Once the two are allowed to trade freely, the mass-produced shoe will be cheaper, even in the smaller economy, and consumers will choose it instead of the often locally made, potentially higher quality shoe. The local shoemakers and cobblers will be out of jobs, which will set back the economy far more than the few cents consumers save buying the foreign made shoes.

Examples in recent history can be found in South and Central America, were the North American Free Trade Organization opened up the trade of United States corn with its southern neighbor Mexico. Corn, subsidized by the US government, was one of the first products to cross the border. Mexican corn farmers couldn’t compete with the prices, and the agriculture industry, which employed a large portion of Mexico’s population, was decimated.

South Africa also saw Free Trade policies offered after colonialism, to the detriment of the growth of its own economy.

What’s essentially wrong with free trade, most critics say, is that it doesn’t create jobs.

European Union reports on the impact of its agreements have shown negative outcomes of free trade, particularly for less-developed economies that take part in the agreements.

In an assessment on the impact of free trade in the region, a 2007 report issued by the EU found that Egypt and other Mediterranean countries saw increased unemployment and decrease in local industry after the policies were implemented.

Without the installment of certain “mitigating measures,” the report found that there had been “a significant short term rise in unemployment, which could continue into the long term” as a result of the free trade setup. The report found that industrial products and agriculture industries were most heavily hit.

Other side effects included a drop in wages as a result of unemployment, government revenues, and a drop in the standard of living of rural women, who lost their livelihoods because of farm mechanization.

The report also stated that there had been a “greater vulnerability of poor households to fluctuations in world market prices for basic foods,” that ensued following the implementation of the policies.

As Egypt faces a currency crisis, budget deficit, and significant decrease in tourism revenues, and already rising domestic food prices, exposing the country’s poorest to world market fluctuations could plunge them further into poverty.

And these effects, which would be detrimental to any economy, could wreak havoc on Egypt’s, which is already suffering from investment withdrawal and tourism drought during the political transition, activists say.

What’s more, the talks are being conducted in arenas out of the public eye, with little media coverage and in language that an average laborer would not understand. But it’s the small shop owner and factory worker that will feel the effects of the policies first in Egypt, as they have in other countries, said Bruno Ciccaglione, coordinator of the Seattle to Brussels Network, an international organization that opposes “corporate globalization.”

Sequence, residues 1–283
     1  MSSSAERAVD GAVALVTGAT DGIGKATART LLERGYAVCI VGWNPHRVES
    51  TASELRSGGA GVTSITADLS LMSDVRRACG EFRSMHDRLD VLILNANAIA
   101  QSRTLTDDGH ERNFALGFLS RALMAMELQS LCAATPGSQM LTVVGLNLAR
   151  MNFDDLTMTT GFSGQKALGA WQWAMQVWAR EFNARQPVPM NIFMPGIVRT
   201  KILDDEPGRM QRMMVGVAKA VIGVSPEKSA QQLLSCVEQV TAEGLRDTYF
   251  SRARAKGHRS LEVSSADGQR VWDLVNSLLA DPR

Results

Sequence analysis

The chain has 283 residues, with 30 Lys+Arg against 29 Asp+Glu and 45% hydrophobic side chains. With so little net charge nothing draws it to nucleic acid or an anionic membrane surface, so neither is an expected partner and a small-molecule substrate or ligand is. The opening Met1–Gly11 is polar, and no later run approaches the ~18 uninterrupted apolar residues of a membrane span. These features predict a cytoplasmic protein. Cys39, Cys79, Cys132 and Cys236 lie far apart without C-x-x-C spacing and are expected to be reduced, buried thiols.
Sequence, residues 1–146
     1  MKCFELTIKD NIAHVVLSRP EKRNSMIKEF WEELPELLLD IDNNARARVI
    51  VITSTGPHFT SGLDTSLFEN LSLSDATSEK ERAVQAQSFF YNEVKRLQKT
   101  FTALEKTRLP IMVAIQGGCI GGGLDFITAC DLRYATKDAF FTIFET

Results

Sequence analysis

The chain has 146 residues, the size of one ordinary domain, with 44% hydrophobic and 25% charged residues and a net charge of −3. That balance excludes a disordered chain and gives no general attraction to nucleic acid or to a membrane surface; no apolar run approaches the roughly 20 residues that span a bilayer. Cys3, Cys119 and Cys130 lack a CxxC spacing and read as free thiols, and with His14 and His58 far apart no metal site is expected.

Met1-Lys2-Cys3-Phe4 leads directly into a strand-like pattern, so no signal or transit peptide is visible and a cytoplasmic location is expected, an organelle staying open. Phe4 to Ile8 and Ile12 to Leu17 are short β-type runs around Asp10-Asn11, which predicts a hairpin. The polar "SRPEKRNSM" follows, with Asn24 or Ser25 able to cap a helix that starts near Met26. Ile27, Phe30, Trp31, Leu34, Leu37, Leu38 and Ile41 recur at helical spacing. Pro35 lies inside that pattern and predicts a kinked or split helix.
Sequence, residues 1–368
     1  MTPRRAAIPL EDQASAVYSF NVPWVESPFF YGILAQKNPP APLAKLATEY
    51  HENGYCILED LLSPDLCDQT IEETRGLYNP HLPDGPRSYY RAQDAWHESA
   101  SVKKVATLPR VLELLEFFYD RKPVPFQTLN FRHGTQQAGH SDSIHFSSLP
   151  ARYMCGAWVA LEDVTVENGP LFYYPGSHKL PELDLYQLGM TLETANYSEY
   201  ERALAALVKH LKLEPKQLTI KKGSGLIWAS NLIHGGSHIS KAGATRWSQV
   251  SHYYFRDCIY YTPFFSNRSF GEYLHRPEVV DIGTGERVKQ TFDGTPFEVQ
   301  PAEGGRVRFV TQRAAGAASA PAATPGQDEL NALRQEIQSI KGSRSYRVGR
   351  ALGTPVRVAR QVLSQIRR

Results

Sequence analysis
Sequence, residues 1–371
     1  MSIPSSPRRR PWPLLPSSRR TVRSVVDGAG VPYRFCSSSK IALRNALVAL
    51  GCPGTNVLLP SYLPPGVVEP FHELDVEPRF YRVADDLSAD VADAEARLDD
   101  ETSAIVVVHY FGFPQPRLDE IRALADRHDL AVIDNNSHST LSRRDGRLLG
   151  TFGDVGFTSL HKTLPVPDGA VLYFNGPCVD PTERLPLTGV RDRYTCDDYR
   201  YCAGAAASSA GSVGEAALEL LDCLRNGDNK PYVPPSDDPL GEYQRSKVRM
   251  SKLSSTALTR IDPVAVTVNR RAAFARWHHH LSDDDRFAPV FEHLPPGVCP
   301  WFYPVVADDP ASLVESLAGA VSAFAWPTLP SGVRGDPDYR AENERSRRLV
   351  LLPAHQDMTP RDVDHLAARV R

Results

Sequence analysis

“These kinds of trade agreements are responsible for the global economic crisis,” he said. “They do not serve the interests of the Egyptian people. On the contrary, they proved to be very useful to serve the interests of the big transnational companies that operate in Europe.”

But why are talks re-emerging now?

The European Union has opened talks with these countries one-on-one, according to Ziad Abdel Samad, executive director of the Arab NGO Network for Development, one of the signatories of the 24 January letter, because the international negotiations through the largely criticized and conflict ridden World Trade Organization have failed.

The European Union should respect that now is a sensitive time for Egypt and Tunisia in particular, and hold off on any agreements until a new constitution and government are formed, he said.

Abdel Samad's opinion resonates especially considering the precedent of free trade in Egypt. The 1995 free trade agreements made between Europe and the Mediterranean zone were largely aimed at protecting foreign investors rather than Egyptian workers, Abdel Samad said.

“They did not lead to improving the living conditions of the people, and it did not protect human rights,” he said. “We don't need to follow the same model, we need to assess the gaps and then try to include them in new agreements.”

Europe may have a self-serving purpose in going after free trade arrangements now, according to Ciccaglione.

He said that the EU might be motivated to seek wealth and resources elsewhere as its economic forecast grows increasingly bleak. Because of the crisis, European investors are after Egypt’s resources, he said.

“This makes the economic elite even more aggressive in their strategies,” he said. “They are well aware that the biggest part of economic growth in the future will be produced in the global south and emerging economies. And they know if they want to remain a center of the global economy, then they have to grant their investors key raw materials for the future.”